“It’s definitely special, you saw the excitement in the building,” Oilers forward Connor McDavid said. “The fans are excited, we’re excited. There is a lot of work left to be done still.”
The road to the 2016-2017 season has been a long one and most fans would probably rather forget many of the details along the way, but looking back can prove instructive – especially when it comes to determining what the future could hold.
When one considers that the Oilers had almost moved all the way out of Edmonton in 1998 after owner Peter Pocklington nearly made a deal to sell the franchise to Houston, one recognizes how much water there actually is under the bridge.
The Oilers were saved in 1998 by the Edmonton Investors Group and committed to remaining in Alberta. Conversely, the Winnipeg Jets and Quebec Nordiques had relocated to American markets in the mid-1990s and salvaging the Oilers was almost necessary for NHL hockey to remain a formidable option for Canadian markets.
But the halcyon days of the Edmonton dynasty were in the rearview mirror and the Oilers were one of those dreaded “small market teams,” which meant payroll was low and the CBA had to come to their rescue after the 2004-2005 lockout. The salary cap put the whole league on a budget, while an improving Canadian dollar helped Edmonton compete. They spent some money, bringing in the likes of Chris Pronger, and found themselves in the post-season following a robust 2005-2006 season.
And in 2006, Edmonton drove their cobbled-together freight train all the way to the Stanley Cup Final. They lost to the Carolina Hurricanes in seven games, but they were a formidable team once again – for a while. They boasted a roster that included Ales Hemsky, Shawn Horcoff, Jarret Stoll, Ryan Smyth, Raffi Torres, and Fernando Pisani.
Unfortunately, it was not to last.
Pronger asked for a trade four days after the Stanley Cup Final and many players left for free agency. Smyth, the heart and soul of the team, was traded to Long Island and the hobbled Oilers went on to post a 32-43-7 record in the 2006-2007 season – their worst record since 1995-1996.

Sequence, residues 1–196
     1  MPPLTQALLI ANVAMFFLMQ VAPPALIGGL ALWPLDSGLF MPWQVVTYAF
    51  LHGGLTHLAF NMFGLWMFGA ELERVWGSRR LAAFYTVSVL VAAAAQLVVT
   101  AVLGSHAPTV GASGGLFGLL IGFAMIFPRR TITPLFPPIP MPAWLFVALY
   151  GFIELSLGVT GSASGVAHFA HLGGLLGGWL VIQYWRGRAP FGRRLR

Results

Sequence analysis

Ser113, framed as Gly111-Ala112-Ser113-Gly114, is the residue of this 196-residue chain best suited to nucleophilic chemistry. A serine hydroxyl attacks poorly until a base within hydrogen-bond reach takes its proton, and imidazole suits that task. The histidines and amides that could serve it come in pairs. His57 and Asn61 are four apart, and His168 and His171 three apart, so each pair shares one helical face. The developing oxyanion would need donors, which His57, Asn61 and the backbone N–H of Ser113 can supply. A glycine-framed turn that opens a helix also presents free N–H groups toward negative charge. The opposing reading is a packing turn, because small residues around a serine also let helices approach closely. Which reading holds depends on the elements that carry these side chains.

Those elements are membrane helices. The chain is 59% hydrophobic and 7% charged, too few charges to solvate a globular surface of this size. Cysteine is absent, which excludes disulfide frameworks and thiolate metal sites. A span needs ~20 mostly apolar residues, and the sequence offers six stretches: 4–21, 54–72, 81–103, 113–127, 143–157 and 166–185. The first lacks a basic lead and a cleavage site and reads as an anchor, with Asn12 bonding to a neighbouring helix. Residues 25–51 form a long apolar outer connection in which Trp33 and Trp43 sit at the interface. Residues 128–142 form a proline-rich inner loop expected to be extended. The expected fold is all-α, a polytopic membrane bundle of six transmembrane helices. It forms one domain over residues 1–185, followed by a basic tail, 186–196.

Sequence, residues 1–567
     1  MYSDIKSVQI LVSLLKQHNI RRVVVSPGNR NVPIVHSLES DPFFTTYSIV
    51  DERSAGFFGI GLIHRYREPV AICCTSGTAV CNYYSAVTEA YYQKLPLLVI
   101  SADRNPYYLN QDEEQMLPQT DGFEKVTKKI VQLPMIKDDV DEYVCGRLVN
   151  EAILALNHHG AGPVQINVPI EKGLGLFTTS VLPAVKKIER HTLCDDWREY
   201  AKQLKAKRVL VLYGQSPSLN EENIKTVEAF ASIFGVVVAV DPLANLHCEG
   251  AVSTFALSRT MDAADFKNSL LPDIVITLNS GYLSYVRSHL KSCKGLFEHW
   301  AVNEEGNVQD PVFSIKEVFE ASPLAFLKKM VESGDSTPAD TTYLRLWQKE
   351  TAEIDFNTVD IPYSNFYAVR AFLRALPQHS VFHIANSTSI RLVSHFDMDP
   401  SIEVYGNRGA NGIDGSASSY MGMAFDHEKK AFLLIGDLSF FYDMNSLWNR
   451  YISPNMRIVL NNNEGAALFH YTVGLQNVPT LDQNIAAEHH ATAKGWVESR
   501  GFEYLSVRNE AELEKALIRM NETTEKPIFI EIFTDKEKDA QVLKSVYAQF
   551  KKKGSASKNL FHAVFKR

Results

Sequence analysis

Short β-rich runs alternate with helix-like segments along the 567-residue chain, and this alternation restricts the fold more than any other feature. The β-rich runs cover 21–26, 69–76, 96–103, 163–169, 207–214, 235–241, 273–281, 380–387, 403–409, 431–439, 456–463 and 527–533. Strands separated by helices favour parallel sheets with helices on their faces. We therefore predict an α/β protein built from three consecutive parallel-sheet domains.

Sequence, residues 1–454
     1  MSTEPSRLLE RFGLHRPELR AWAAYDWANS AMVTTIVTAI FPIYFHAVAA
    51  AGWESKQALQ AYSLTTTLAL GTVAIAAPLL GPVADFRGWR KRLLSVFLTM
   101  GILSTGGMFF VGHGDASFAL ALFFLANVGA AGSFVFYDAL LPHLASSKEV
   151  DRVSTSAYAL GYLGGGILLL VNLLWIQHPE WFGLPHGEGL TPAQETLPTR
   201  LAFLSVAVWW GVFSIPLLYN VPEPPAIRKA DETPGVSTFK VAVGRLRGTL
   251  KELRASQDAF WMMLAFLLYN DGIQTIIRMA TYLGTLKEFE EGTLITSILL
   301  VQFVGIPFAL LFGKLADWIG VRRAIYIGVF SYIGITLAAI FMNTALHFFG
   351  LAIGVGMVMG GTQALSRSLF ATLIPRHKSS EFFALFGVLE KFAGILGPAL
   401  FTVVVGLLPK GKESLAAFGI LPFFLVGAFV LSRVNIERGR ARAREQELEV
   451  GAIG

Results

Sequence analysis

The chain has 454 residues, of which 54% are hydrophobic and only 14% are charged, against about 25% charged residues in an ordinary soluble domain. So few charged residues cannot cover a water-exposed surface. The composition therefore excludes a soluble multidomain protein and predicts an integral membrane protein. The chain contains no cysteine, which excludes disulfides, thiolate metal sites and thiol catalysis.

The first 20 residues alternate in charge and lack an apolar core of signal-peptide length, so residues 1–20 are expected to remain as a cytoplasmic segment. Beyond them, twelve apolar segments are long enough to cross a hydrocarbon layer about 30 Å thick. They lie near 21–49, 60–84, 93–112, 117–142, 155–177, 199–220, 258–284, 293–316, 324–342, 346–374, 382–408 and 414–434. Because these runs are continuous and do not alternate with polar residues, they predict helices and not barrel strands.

In 2008, Edmonton announced a “restructuring” to go with new team owner Daryl Katz. Kevin Lowe was promoted and Steve Tambellini became the new general manager. After a disappointing 2008-2009 season, the coaches were canned and more players left via free agency. An attempted trade for Dany Heatley was proffered and bungled after the Ottawa Senator winger refused to play for the Oilers. Unsurprisingly, the Oilers finished with the worst record in the NHL.
By then, the rebuild was on. Big time.
Edmonton began a historic run of first overall draft picks, starting with Taylor Hall in 2010 NHL Entry Draft. Jordan Eberle made his debut in the 2010-2011 season and the club shuffled the deck to reflect the impending youth movement. Ryan Nugent-Hopkins was the top pick in the 2011 NHL Entry Draft, while Nail Yakupov was the top pick in the 2012 NHL Entry Draft. Coaches came and went and the front office changed with it.
And then, someone named Connor McDavid was selected in the 2015 NHL Entry Draft and the rebuild looked to have hit its apex. Todd McLellan was named the new head coach in May of 2015 and changes were made to the entire coaching operation, including the scouting department. The Oilers even moved arenas, shifting from Rexall Place to the new Rogers Place.
McDavid was named team captain in October of 2016, becoming the youngest captain in NHL history.
And now, here we are. It’s been quite a ride and the Oilers have been through reconstructions before, but this one is different in a lot of ways. It could be argued – and indeed it is argued – that McDavid is the reason for the season in Edmonton.
But there’s more to it: McDavid is the right player at the right time on the right team. The rebuild has been extensive and sometimes exhausting, but it’s paying off. And this year, there are more than a few reasons to believe Edmonton could take yet another step toward total franchise renewal.